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When Can a Landlord Increase My Rent in Florida?

There aren't any rent control laws in Florida, but that doesn't mean your landlord can raise the rent whenever they want.

Florida state law does not limit the amount that a landlord can increase the rent. However, if you’re on a fixed-term lease, your landlord can’t increase the rent until your lease expires. If you’re on a month-to-month lease, then your landlord can increase your rent at any time—as long as they give you 15 days’ notice before your next payment is due.

How much can my landlord raise my rent in Florida?

Unfortunately for tenants, there are no rent control laws in Florida. That means that your landlord can raise your rent by as much as they want—as long as they give you advance notice of the increase.

Can my landlord still raise my rent during the pandemic?

Although many states passed laws to protect renters from eviction during the COVID-19 pandemic, they haven't gone so far as to ban rent increases. There are no restrictions (temporary or otherwise) in Florida that prevent your landlord from raising your rent during this time. That said, you can always try to negotiate if you're faced with a rent hike—the rental market is uncertain for landlords, too, and they may prefer to have you stay at your original rate rather than search for a new tenant.

How much notice does my landlord have to give me if they’re raising the rent?

If you’re a month-to-month tenant, then your landlord has to give you a minimum of 15 days’ written notice if they want to raise the rent (or change any other terms of the lease agreement, including terminating it completely). If you're a week-to-week tenant, they only have to give you seven day's written notice.1

If you have a fixed-term lease, the answer is a little more complicated. State laws don’t directly address how much notice a landlord has to give a tenant before increasing the rent. So, start by dusting off your lease and taking a second look. It may specify how far in advance your landlord must tell you about a rent increase—but, more likely, it will state how much notice you (or your landlord) must give the other to terminate the tenancy instead of renewing. Since your landlord can only raise the rent by replacing the old lease with a new one that requires higher rent payments, you can pretty safely assume that the notice period for ending a lease is the same as the notice period for increasing your rent.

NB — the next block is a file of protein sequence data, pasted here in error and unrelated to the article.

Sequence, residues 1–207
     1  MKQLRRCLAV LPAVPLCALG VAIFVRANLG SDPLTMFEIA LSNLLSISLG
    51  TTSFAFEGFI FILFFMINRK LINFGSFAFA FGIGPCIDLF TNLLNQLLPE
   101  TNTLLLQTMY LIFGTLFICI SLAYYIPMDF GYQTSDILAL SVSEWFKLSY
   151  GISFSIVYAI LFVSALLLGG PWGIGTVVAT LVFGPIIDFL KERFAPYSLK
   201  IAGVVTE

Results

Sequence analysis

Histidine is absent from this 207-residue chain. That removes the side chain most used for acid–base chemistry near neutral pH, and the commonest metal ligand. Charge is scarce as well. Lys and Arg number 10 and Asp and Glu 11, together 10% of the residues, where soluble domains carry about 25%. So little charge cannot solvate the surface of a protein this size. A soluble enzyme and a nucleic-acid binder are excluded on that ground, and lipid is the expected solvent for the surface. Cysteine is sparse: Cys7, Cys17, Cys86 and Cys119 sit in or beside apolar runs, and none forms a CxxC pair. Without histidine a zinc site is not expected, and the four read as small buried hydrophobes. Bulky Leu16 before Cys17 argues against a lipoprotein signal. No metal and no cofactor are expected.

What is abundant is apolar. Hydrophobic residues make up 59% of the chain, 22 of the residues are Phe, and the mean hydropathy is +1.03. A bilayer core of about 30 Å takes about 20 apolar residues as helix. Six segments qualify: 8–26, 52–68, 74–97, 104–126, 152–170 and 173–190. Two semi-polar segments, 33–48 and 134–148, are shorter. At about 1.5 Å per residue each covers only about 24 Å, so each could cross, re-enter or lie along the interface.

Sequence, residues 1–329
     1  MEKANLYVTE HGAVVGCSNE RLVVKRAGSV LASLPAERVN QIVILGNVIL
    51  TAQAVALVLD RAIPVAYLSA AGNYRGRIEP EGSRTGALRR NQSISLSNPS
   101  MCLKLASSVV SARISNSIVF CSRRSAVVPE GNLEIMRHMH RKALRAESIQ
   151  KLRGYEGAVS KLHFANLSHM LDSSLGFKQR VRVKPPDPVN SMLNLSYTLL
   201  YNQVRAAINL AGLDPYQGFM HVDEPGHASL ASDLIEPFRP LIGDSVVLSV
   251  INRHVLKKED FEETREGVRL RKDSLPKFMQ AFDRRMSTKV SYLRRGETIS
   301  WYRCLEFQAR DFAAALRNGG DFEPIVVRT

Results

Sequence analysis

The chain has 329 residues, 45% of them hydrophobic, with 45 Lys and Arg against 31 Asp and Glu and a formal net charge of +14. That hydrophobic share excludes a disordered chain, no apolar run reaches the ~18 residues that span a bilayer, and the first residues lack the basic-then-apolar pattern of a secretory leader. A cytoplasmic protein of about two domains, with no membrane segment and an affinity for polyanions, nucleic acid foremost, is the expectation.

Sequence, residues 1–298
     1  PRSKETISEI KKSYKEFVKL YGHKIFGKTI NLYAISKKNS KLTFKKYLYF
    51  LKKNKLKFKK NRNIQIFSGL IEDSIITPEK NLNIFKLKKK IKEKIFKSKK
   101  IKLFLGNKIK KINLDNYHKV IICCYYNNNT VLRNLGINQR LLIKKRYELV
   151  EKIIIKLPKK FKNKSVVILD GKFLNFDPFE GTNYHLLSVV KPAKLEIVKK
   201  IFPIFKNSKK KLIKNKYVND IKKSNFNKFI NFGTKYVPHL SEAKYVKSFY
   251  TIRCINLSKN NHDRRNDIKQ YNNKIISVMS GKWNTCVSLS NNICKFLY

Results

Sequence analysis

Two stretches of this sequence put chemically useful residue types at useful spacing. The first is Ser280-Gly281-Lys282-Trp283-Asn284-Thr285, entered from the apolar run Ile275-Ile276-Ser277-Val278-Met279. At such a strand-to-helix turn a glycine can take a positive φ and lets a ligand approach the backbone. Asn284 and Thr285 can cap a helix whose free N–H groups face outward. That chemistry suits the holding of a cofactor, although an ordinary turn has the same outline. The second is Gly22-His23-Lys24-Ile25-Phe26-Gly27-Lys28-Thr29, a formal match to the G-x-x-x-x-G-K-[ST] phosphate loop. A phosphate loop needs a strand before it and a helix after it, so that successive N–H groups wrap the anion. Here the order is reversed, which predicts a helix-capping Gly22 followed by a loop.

But what if your lease doesn’t mention any of this stuff? Then you’re probably in the same boat as a month-to-month tenant. Assuming you pay rent in monthly installments, your landlord has to give you just 15 days’ written notice that they plan to raise the rent.2 Fifteen days isn’t much time (most states require 30 days’ notice), so it pays to be proactive in Florida if the end of your lease is approaching. Get in touch with your landlord about the renewal process ASAP so you have a sense of how much the rent will go up.

What counts as “notice” according to Florida law?

“Notice” in Florida landlord-tenant law means a physical letter, either mailed or personally delivered to you. Your landlord can also drop it off at your residence if you're not there in person to accept it.3

[1] Fla. Stat. Ann. § 83.57

[2] Fla. Stat. Ann. § 83.57

[3] Fla. Stat. Ann. § 83.56(4)

The information provided on this website does not, and is not intended to, constitute legal advice.